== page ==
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Refinancing

Financing for PPPs follow a project finance structure, wherein the project company becomes the borrower of the senior debt. The financing structure and terms are contractually agreed at the financial close based on the then-market conditions.

During the life of the contract, the project company may wish to refinance.  This could change the composition of financial instruments (bank loan, bonds, etc) and, possibly the financiers.

Debt refinancing can come serve various purposes:

  • Reducing interest costs
  • Increasing debt
  • Extending the debt repayment terms
  • Otherwise improving loan terms
  • Reducing or releasing the reserve accounts
  • Releasing contingent junior capital.

Why do project companies refinance?

There are several reasons why a project company would want to refinance the debt originally used to finance the project, including the following: 

  • Debt maturity: If the PPP project company obtained senior debt with shorter maturities (e.g., mini-perm structure) in the original financial structure, then it poses a refinancing risk.  Various factors can determine the reasons for lack of longer maturity at the original financial structure (e.g., liquidity, project risks, etc). To manage the refinancing risk, the project company would seek to refinance this with a longer term maturity debt at/before end of the term.
  • Opportunity for more favorable terms: Generally the project company will consider refinancing after the project's construction phase when risk is significantly reduced. With a better risk profile, the project company will seek to refinance at a lower cost and on better terms. If the market terms are relatively better than the original close, the project company may also seek to refinance with or without change in the underlying project risk profile. In addition to financial benefits, refinancing may give the project company more flexibility as some of the more restrictive provisions of the original loan agreement could have been negotiated away.
  • Financial difficulty:  In the event that the project company experiences financial difficulty and needs more funding, the company might take on more debt to save the project. This is considered rescue refinancing, and is not expected to produce financing gains for the project company or government authority.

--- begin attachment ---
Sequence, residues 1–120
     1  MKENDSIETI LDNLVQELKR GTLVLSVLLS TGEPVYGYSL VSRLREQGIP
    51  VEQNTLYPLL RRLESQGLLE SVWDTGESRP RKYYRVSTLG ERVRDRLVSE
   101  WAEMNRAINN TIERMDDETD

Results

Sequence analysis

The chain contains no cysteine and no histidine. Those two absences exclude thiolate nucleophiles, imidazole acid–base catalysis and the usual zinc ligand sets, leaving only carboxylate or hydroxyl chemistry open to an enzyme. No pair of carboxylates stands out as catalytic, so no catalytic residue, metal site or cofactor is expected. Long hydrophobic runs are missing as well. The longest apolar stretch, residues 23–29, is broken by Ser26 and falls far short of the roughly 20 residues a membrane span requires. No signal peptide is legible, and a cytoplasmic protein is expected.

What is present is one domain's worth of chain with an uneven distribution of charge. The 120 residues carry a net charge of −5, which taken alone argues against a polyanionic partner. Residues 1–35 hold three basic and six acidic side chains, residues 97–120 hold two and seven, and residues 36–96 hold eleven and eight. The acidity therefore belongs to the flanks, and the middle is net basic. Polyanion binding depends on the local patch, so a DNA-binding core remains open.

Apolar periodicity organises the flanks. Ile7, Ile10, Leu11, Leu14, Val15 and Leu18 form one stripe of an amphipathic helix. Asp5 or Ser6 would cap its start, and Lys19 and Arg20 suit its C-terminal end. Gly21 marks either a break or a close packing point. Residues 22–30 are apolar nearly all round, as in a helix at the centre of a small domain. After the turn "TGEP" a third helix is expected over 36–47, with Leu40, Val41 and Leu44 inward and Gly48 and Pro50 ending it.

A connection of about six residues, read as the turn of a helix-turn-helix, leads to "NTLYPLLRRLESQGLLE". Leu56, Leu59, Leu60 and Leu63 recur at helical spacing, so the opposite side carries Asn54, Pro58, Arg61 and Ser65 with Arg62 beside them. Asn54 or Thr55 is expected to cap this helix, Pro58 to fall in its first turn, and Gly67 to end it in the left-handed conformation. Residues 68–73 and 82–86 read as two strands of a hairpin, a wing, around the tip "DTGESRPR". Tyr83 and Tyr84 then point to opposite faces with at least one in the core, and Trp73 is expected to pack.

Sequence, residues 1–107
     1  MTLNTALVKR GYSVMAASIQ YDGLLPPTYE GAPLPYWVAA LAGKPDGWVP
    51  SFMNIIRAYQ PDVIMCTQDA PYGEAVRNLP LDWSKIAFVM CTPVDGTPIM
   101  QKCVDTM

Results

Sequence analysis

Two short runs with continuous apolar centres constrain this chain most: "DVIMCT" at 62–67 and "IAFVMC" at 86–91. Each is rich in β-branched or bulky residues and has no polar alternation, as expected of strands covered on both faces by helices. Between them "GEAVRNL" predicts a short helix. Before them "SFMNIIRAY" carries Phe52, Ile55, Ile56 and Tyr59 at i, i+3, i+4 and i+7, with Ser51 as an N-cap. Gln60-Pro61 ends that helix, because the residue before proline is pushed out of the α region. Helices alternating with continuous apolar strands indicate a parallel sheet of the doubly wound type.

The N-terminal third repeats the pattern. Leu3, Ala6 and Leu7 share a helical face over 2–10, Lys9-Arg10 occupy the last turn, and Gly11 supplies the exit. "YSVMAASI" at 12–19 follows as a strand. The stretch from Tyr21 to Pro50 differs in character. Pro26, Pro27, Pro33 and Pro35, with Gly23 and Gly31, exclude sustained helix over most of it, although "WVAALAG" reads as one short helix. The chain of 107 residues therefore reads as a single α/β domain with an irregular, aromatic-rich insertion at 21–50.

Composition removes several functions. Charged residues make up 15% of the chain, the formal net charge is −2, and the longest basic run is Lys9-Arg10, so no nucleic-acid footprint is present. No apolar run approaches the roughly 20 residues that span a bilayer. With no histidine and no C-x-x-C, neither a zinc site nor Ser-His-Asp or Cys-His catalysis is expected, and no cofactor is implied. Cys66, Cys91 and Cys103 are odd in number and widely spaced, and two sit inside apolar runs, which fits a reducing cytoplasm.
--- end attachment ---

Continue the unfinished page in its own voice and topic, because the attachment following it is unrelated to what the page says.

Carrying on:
Is the government authority involved in refinancing?

Debt refinancing requires consent and/or cooperation from the government authority. This is because the authority could have a general right to approve increases in project debt, or the PPP contract may effectively give the government this authority. An increase in debt may destabilize the project company, jeopardizing the service provided under the PPP contract. In addition, the new debt providers may also require different rights from the project, which may change the authority's flexibility. This loss of flexibility along with the notion of accelerated dividends benefitting only the project company sponsors may justify the need for the authority's approval rights. 

Share gains from refinancing

Refinancing can lower overall costs for users of the asset and the government, improve returns to investors, or both. To accommodate this incentive, most PPP contracts define or make reference to some standard methodology for refinancing and how its gains will be treated.

Sharing refinancing gains between the government authority and the project company is justified from an economic standpoint to compensate the authority for project's potentially lower flexibility after a refinancing.

A government authority can ensure that this happens by:

  • Including a clause in the PPP contract or the country's PPP regulation that stipulates that gains must be shared by the project company and the government authority. Different countries prescribe different methodologies for sharing the refinancing gains between the authority and the project company sponsors.
  • Building rights into the PPP contract for the government authority to require or request refinancing of debt should more favorable terms become available. To exercise this right, the authority should have the capacity and ability to identify the potential benefits of refinancing.

 

Learn More

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For legal and regulatory resources go to PPPIRC

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